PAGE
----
Welcome to Sagamore Hill!
Step into the world of Theodore Roosevelt, his wife Edith, and their six children as you enter the front door. The informal, lived in appearance indicate a family home where children played and house guests were always present. Life at Sagamore Hill was anything but quiet.
The furnishings decorating the home mirror the active lifestyle the President and his family maintained. The ornate blue and white containers on either side of the buffalo held the family’s tennis balls. The original grounds contained a tennis court, one of TR’s favorite sports. In the summer, the family kept their rackets in the fireplace.
The front hall originally served as the family’s sitting room. The growing family and increasing number of visitors forced the Roosevelt’s to expand in 1905. The original entrance to the dinning room is hidden behind the rhinoceros.
The library encapsulates the personality and interests of TR. Often called a living biography of Theodore Roosevelt, the room reveals much about the man who inhabited the room.
The portraits over the bookcase and mantle are of his father, Chief Justice John Marshall, and Grant signify the people he admired and the values he sought to bring to his Presidency.
The animal skins and heads and the bronzes on the bookshelf indicate his love of nature and hunting. The books showcase his love of learning and education.
At this desk Roosevelt completed most of his Presidential duties.
Important visitors also met the President in this room including Senator Henry Cabot Lodge and Booker T. Washington.
Not only did TR do work in this room, but he also read books and relaxed with the family. Ethel, his youngest daughter, referred to this room as the heart of the house. Often before and after the Presidency this is where the family gathered at the end of the day to read books and play games.
The comfortable worn furniture provides evidence of the rough and tumble lifestyle advocated by TR.
The Drawing Room furnishings is distinctly different from the rest of the rooms on the first floor. The room is brighter and there are no animal heads on the walls. The furniture are family pieces from the Carows & Kermits, Edith's relatives.
Edith managed all aspects of Sagamore Hill from this desk. She supervised servants, planned events, and managed the family's finances. Edith put a certain amount of money (his daily allowance) in TR’s clothing every morning
Edith entertained many of the guests visiting Sagamore Hill with tea in the afternoon.
The fireplace in the Drawing Room.
The North Room was added to the home in 1905 to accommodate the expanding family and numerous visitors coming to Sagamore Hill. The large room is 20 feet high and 30 by 40 feet.
The North Room reveals TR’s love of nature. The two bison framing the fireplace are the oldest animals in the house, originating from an 1884 hunting trip to the Dakotas. The painting above the fireplace, Where the Light Meets the Shadow by P. Marcus Simons, incorporates the naturalist scenes favored by TR. The bronze on the left side of the fireplace, The Bronco Buster , is one of two Frederick Remington bronzes in the home.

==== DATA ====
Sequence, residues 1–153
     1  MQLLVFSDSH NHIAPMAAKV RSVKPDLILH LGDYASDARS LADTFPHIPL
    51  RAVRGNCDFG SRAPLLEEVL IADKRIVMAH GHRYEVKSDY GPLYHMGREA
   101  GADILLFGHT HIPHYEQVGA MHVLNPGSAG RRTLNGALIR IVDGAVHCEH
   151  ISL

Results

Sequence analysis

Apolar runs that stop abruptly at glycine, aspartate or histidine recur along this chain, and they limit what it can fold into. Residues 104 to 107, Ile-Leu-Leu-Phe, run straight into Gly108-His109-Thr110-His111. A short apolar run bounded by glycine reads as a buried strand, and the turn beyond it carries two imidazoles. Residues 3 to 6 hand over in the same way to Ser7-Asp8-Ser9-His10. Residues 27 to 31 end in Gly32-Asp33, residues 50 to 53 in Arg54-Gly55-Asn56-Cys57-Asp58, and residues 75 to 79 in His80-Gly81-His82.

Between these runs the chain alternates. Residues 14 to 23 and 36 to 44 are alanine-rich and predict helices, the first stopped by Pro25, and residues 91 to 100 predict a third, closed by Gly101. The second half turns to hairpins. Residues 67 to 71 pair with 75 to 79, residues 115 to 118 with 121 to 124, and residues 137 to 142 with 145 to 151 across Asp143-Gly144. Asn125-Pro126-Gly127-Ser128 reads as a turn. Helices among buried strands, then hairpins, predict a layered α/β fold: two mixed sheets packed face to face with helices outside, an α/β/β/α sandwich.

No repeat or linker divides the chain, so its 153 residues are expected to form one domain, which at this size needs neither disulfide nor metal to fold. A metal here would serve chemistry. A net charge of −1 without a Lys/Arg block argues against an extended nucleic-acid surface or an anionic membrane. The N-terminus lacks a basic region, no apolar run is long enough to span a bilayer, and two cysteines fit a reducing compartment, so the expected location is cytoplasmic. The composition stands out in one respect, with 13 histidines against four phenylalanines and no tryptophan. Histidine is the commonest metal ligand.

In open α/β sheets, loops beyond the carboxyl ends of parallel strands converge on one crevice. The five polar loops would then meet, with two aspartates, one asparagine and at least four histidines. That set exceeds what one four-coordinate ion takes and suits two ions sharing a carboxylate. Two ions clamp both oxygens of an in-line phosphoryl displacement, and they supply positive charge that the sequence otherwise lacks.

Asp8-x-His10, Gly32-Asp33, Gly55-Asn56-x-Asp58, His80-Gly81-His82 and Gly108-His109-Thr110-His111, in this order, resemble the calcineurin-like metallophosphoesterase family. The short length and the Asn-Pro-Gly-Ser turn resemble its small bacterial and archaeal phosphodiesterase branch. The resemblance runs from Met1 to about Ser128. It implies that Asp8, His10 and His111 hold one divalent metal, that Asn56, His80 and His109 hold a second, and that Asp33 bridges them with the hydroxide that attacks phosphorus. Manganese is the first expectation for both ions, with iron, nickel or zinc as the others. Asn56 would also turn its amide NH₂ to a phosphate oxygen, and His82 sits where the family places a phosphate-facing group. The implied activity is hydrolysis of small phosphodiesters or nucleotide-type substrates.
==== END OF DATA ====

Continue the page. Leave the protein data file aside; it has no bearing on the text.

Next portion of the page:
At night the family entertained themselves in the North Room. Kermit, the middle boy, played the mandolin positioned on the chair. On special occasions the Roosevelt’s moved the furniture, rolled back the rugs, and danced. These special days included New Years Eve and their youngest child Ethel's wedding. The family also played card games including cribbage, on a walrus tooth set.
The construction of the North Room coincided with TR’s second Presidential term. Many of the unusual furnishings were gifts to the President. The carved eagle on the wall was sculpted by John Gutzon Borglum, the creator of Mt. Rushmore.
TR utilized the desk by the window to work including writing newspaper editorials, journal articles, and over thirty books. Roosevelt used the rhinoceros foot ink well to complete his writing by hand. TR wasn't the only one to occupy this desk; all members of the family did as well.
Theodore Roosevelt’s favorite portrait of himself hangs on the back wall. The portrait, painted in his Rough Rider uniform, was completed after the Spanish American War. The President had put on weight and told the painter to take off twenty pounds.
The Japanese chest was given to the President as a gift. The silver cup on top of it was a gift from the Dowager Empress of China.
More than any other room in the house the dining room shows Sagamore Hill was not built for affairs of state, but as a home.
The Roosevelts purchased the dining room table in Florence on their honeymoon in 1886. While the table looks small it extends to seat about twelve.
The children were expected to participate in conversation--the house rule was that the children had to ask any guest at least one question. Ted Jr. said the best conversation he ever received was sitting here at the dining room table.
Mrs. Roosevelt sat at the end of the table closest to the screen where she could communicate with the servants.
Much of the silver in this room including the pitcher came from TR’s mother, Mittie.
The silverware and place setting on the table are the Roosevelts state china from the White House.